Nairobi — Kenya is among the first African countries to receive the new formulation of the Paediatric ART to be administered to children and infants living with HIV.
The new ART regimen drug – Dolutegravir (DTG) which was not initially available for children weighing less than 20kgs, has been rolled out in 12 counties said to account for 50% of infected children.
The tablet, taken orally, has also been approved for use in paediatric patients from four weeks of age weighing at least 3 kg in combination with other antiretroviral treatments (ARVs).
National AIDS and STI Control Programme (NASCOP) HIV Technical Advisor Lazarus Momanyi said the new treatment will boost the immunity of children and infants as it is easy to administer, comes in strawberry flavour and is soluble.
“Children are among the most vulnerable and disproportionately affected populations in the HIV epidemic. The lack of optimal antiretroviral medicines with suitable pediatric formulations has been a longstanding barrier to improving health outcomes for children living with HIV, contributing towards low treatment coverage, and poor virological suppression,” said Dr. Momanyi.
Counties that on this new treatment include Kisumu, Homabay, Kakamega, Uasin Gishu, Nakuru, Nairobi, Kiambu, Machakos, Kilifi, Meru and Garissa.
The Ministry of health plans to have rolled out the Pediatric ART to the remaining counties by January 2022.
This approval will greatly expand the use of DTG among children and adolescents, providing them relatively rapid access to an optimal drug that has so far – like many paediatric ARVs – only been available to adults,” he added.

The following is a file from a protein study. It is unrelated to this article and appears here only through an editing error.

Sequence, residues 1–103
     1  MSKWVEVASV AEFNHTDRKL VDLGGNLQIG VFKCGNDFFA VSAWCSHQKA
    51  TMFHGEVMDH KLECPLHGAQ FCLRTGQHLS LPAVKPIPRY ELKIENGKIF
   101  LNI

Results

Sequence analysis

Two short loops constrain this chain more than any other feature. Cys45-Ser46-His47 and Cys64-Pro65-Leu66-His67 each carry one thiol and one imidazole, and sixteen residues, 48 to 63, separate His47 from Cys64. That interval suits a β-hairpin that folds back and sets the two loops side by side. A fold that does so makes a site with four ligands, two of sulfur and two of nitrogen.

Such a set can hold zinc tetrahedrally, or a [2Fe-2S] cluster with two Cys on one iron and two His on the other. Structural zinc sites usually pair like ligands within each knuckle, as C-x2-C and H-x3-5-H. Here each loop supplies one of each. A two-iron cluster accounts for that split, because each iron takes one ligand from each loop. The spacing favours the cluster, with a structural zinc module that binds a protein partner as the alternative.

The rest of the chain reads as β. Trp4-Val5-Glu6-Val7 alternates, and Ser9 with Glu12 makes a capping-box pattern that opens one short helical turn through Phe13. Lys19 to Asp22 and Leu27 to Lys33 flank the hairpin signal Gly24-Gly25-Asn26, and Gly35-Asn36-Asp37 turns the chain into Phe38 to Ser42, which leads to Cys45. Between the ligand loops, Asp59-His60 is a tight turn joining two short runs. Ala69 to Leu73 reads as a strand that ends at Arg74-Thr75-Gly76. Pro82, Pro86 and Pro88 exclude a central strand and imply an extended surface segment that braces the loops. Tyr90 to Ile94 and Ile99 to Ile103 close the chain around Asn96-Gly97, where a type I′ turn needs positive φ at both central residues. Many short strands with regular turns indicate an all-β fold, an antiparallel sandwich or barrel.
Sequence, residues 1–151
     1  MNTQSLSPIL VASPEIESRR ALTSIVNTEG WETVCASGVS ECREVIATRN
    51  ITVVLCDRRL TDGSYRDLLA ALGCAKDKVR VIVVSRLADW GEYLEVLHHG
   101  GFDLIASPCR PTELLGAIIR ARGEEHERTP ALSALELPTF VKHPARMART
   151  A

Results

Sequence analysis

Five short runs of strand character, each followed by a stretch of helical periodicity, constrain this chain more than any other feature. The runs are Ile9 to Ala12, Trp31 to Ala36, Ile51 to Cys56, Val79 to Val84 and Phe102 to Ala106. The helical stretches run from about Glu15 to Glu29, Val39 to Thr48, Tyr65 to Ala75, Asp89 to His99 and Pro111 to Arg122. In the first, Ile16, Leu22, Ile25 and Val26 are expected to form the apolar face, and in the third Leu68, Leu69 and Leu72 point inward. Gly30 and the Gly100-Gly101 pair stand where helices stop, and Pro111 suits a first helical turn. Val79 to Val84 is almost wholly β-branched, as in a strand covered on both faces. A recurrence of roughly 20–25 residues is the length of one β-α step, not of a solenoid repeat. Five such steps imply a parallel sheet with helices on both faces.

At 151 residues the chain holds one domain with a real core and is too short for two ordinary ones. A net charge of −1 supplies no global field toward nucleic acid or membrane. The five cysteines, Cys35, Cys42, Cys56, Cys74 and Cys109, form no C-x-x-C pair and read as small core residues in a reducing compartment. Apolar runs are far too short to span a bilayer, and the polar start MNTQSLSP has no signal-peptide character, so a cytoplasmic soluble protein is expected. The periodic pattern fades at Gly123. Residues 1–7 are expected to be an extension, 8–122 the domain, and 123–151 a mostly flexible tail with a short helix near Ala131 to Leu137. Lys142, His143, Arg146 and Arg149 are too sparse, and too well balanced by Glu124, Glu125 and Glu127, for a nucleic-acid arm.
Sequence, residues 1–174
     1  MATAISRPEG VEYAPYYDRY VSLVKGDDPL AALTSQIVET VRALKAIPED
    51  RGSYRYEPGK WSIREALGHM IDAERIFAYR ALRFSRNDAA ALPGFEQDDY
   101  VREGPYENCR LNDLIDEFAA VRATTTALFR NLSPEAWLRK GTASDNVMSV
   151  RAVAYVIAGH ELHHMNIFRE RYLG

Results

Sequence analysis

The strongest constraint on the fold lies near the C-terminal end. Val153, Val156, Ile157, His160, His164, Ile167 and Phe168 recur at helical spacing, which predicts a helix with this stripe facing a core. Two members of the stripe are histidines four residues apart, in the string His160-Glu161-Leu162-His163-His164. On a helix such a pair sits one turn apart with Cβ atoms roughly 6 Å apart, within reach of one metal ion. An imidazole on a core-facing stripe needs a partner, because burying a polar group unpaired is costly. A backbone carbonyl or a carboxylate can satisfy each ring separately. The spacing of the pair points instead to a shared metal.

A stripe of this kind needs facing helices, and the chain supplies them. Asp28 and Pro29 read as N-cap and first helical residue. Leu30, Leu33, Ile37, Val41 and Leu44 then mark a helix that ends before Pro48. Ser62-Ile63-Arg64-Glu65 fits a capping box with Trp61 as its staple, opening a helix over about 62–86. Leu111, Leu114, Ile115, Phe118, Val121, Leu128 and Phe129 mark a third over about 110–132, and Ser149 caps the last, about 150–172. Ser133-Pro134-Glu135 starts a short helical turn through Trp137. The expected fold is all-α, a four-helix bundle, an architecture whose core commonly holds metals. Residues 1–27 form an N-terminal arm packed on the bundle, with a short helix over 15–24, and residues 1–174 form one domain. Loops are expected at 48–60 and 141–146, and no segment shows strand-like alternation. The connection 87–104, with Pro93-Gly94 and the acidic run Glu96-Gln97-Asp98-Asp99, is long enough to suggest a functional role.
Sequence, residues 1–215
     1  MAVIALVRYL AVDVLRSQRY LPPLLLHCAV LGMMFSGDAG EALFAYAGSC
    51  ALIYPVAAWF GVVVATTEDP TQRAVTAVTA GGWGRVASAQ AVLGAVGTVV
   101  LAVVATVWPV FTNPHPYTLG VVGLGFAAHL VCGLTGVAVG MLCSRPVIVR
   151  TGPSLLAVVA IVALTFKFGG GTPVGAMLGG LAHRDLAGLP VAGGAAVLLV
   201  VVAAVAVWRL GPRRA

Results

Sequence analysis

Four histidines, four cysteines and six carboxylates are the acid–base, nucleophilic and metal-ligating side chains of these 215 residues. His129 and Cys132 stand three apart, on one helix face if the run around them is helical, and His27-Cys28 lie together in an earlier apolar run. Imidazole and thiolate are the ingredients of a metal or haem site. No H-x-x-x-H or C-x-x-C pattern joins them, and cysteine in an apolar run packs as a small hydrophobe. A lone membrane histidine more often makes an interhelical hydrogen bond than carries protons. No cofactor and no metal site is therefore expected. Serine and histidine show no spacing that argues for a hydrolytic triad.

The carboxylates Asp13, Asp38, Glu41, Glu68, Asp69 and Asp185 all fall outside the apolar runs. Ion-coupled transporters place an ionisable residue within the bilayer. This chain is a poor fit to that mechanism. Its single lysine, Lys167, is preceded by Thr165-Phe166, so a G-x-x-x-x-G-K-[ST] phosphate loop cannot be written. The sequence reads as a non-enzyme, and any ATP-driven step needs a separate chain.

Majority of AIDS-related deaths among children occur during the first five years of life and the expedited development and introduction of optimal peadiatric formulations for children above 3 kg and 4 weeks of age is a significant milestone with the potential to save many lives
The World Health Organization estimated 770 000 people died from HIV-related causes in 2018 and there were 1.7 million new infections.
Children under the age of five represented approximately 14% of the total deaths due to HIV infection.
In Kenya, the number of Children living with HIV fell from 180,000 in 2010 to 111,500 in 2020, partly due to improved access to services including for more pregnant women.
However worst outcomes are still being recorded due to challenges attributed to few accessing the pediatric HIV treatment.
According to the National AIDS & STI Control Program (NASCOP), 106,807 children aged between 0-14 yrs are living with HIV. 68, 011 (63.7pc) are on ART coverage, with 87.2% reported to have achieved viral suppression.
Other challenges include identification of infants born to HIV positive mothers, treatment coverage, and lack of understanding on how to correctly administer drugs by parents /guardians.
“We are working on ways to boost testing to all mothers and adequate follow ups as well as train them on administering of HIV treatment to infected children,” said Dr Momanyi.